Novel Pro-Drug Technology for Targeted Delivery of Therapeutic Agents
Tech ID: 19014 / UC Case 2008-073-0
Brief DescriptionUCSF investigators have developed a novel targeted pro-drug technology that can selectively deliver a chemotherapeutic payload to cells in areas of high concentrations of endogenous free ferrous iron. The pro-drug can be conjugated to a variety of existing and novel pharmacologically active compounds to increase their therapeutic window and lower systemic toxicity by increasing the selectivity of their delivery. Applications include therapies for cancer and malaria and as imaging agents.
Pro-drug technologies are commonly employed to improve the membrane permeability or solubility of drugs. In contrast, targeted pro-drugs are intended to deliver a therapeutic payload to specific cells or proteins, but such technologies have typically relied on antibodies for selective delivery. Few targeted small molecule pro-drugs have been described to date; those that have seek to exploit a proteolytic event or a change in local pH to effect delivery of the therapeutic payload.
UCSF investigators have developed a novel targeted pro-drug strategy that exploits unique biological and chemical characteristics of local cellular environments to selectively deliver a chemotherapeutic payload. Specifically, the pro-drug technology selectively releases a therapeutic agent in the presence of endogenous unbound ferrous iron and/or unbound heme.
The therapeutic agent can be conjugated to the pro-drug moiety via a variety of chemical linkages including a carbamate, a carbonate, an amine, an ether, or a thioether. The pro-drug linker is 'traceless' so that no additional chemical matter is retained by the drug after its release. Thus, the approach is applicable to existing agents, provided they possess suitable chemical functionality (an amine, alcohol, or thiol) for conjugation to the pro-drug species. Finally, the pro-drug design incorporates a variable position that can be modified to improve solubility, membrane permeability, or absorption, distribution, metabolism, and elimination (ADME) properties.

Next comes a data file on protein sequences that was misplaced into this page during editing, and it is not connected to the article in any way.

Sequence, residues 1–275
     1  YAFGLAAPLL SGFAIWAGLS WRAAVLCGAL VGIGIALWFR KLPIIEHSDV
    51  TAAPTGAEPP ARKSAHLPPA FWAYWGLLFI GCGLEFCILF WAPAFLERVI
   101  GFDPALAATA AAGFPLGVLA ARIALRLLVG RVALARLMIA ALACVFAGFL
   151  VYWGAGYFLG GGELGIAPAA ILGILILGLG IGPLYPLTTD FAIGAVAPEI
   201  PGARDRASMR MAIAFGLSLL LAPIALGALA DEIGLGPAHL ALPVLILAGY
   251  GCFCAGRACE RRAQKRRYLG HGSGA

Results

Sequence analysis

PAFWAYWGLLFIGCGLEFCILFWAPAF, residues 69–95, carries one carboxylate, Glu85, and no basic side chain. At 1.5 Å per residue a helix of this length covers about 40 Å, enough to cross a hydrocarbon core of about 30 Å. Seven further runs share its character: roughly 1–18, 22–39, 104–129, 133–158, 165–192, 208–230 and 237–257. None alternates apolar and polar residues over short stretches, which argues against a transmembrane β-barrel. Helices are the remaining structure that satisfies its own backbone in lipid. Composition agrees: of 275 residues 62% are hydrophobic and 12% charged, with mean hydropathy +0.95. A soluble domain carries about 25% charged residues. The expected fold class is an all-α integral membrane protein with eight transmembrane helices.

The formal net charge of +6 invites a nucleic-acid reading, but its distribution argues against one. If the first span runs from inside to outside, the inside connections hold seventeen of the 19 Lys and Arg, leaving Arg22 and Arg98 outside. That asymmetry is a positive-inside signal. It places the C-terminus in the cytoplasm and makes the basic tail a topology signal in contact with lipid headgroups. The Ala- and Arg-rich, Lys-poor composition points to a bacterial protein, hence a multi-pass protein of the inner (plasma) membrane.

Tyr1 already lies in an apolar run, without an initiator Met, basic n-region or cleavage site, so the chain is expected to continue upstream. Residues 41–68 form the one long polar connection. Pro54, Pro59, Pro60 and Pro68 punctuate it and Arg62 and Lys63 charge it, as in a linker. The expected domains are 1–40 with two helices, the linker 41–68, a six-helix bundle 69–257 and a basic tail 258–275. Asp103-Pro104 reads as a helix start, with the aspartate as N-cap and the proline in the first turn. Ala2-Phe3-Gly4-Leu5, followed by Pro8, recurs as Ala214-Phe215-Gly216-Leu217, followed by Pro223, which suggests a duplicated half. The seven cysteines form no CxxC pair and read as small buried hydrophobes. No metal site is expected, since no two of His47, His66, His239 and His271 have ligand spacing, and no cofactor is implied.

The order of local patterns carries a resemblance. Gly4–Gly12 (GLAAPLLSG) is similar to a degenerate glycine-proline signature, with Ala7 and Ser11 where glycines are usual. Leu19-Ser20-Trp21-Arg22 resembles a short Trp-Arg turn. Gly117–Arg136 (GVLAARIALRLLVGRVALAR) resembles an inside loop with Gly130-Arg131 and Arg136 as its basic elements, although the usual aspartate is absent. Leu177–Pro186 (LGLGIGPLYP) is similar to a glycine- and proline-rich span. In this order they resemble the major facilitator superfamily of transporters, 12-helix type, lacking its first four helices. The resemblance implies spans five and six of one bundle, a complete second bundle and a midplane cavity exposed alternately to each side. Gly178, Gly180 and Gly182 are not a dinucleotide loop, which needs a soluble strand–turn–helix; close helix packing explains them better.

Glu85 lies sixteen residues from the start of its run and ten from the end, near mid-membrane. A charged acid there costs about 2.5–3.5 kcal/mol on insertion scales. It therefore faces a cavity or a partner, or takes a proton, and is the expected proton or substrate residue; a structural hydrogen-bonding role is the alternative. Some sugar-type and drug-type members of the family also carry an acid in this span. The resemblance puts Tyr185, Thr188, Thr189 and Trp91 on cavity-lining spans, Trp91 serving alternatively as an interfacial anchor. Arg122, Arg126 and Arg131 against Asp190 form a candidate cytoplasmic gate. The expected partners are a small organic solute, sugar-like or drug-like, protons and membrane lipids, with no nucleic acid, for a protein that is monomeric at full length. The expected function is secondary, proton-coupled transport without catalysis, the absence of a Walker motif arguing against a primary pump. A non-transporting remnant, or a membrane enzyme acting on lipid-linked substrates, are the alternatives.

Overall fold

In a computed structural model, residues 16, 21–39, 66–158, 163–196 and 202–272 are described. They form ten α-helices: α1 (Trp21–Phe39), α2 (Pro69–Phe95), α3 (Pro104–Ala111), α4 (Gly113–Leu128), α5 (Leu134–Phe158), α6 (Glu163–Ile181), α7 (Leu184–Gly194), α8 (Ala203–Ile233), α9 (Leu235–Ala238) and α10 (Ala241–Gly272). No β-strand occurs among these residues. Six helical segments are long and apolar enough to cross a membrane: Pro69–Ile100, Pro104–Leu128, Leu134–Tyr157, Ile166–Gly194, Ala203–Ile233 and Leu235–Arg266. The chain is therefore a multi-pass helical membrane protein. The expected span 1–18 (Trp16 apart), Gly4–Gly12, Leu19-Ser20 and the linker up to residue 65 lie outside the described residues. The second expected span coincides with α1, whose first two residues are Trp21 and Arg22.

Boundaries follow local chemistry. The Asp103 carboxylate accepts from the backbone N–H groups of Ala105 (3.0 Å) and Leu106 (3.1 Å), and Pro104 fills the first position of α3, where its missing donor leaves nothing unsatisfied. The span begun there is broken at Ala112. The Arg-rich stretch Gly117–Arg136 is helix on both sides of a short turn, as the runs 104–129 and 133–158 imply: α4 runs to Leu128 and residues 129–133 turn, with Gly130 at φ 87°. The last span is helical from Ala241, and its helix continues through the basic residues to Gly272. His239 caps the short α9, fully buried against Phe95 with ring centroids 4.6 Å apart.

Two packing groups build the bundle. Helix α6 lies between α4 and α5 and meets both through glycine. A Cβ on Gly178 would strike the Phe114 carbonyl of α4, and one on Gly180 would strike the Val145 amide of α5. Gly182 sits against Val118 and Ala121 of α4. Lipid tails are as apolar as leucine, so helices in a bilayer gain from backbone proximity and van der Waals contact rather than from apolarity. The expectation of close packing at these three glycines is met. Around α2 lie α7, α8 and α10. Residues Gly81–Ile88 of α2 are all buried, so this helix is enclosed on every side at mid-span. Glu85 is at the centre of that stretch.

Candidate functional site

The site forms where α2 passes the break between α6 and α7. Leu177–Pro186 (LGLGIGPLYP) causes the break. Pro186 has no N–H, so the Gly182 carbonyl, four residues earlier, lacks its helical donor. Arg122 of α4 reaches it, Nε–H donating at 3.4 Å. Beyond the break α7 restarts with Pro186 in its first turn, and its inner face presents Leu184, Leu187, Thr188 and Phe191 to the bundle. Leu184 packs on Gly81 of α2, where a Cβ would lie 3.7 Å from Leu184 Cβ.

As a proof of concept for the utility of the pro-drug technology, the UCSF investigators have successfully synthesized a number of pro-drugs and studied their behavior in malaria-infected erythrocytes, which are known to have a high endogenous free ferrous iron concentration . A chemical-biological approach employing activity-based probes was used to study the release in cells of an irreversible cysteine protease inhibitor from its pro-drug form. From these studies it was determined that the drug was released with a half-life of approximately two hours in cells and that released drug exerted an antimalarial effect equal to that of its parent form. Hence, pro-drugs based on this technology are cell permeable, and release their payload in a therapeutically relevant timeframe in cells.
Furthermore, in vivo studies of malaria-infected mice treated with the targeted pro-drug compound at an advanced stage of infection resulted in i) on-target effects equivalent to administration of the parent drug species, ii) greatly reduced off-target effects for the prodrug as compared to the parent drug administered alone, iii) improved efficacy and reduced toxicity as compared to direct administration of parent drug. Notably, administration of the pro-drug was well tolerated and produced cure while treatment with parent drug at equivalent dosage produced severe toxicity.